WATCH: Why It's Usually Hotter In A City
In the summer, the temperature in New York City is about 7 degrees Fahrenheit higher than in its surrounding areas, according to NASA. That is not unusual. Cities are often warmer than their suburbs because of a phenomenon called "the heat island effect." The way a city is designed — the building materials used, the way streets are arranged, the lack of canopy — can actually sequester heat.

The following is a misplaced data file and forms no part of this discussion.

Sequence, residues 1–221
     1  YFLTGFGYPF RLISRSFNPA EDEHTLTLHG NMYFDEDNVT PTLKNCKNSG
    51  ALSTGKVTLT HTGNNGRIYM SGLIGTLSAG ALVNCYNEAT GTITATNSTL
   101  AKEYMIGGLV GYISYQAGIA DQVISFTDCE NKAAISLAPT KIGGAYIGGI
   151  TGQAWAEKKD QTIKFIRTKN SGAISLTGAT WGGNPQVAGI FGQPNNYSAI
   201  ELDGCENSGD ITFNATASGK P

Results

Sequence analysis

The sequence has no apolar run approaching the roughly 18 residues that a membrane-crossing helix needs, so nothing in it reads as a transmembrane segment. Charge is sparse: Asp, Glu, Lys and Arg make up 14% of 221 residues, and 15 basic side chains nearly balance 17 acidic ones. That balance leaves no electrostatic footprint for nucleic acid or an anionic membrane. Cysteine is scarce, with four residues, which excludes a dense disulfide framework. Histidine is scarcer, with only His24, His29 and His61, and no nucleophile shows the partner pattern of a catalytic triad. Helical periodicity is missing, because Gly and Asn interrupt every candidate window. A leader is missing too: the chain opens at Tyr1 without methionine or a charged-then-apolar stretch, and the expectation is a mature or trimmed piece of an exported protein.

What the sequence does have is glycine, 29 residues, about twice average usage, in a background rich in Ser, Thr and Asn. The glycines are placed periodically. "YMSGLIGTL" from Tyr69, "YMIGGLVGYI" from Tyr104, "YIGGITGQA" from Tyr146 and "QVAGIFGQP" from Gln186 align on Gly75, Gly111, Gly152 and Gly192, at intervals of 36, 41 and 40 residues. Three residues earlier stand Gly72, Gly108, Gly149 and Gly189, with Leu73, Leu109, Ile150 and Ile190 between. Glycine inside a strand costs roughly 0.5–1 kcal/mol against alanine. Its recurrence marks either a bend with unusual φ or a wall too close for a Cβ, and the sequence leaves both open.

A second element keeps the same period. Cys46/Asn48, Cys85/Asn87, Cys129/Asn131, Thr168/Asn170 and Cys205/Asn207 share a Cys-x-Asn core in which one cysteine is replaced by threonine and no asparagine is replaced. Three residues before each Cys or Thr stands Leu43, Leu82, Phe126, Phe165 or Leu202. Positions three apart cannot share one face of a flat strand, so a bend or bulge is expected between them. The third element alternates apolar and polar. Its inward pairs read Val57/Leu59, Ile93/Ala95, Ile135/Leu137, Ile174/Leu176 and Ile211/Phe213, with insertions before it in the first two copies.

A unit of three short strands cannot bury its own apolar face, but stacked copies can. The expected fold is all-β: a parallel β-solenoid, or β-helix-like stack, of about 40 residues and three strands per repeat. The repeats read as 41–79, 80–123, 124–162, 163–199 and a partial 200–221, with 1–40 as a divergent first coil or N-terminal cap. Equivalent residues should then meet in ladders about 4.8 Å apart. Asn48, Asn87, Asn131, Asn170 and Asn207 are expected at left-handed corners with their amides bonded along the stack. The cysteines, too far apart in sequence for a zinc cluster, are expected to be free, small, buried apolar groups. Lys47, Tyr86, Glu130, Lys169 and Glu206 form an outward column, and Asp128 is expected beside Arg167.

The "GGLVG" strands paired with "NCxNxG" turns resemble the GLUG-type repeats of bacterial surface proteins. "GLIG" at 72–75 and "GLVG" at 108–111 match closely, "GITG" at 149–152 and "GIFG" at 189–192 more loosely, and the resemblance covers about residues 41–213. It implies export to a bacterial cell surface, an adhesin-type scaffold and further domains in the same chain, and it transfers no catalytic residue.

More than half of the world's population (and growing) live in cities, so interest in figuring out how to cool them down might be growing, too.
Copyright 2021 NPR. To see more, visit https://www.npr.org.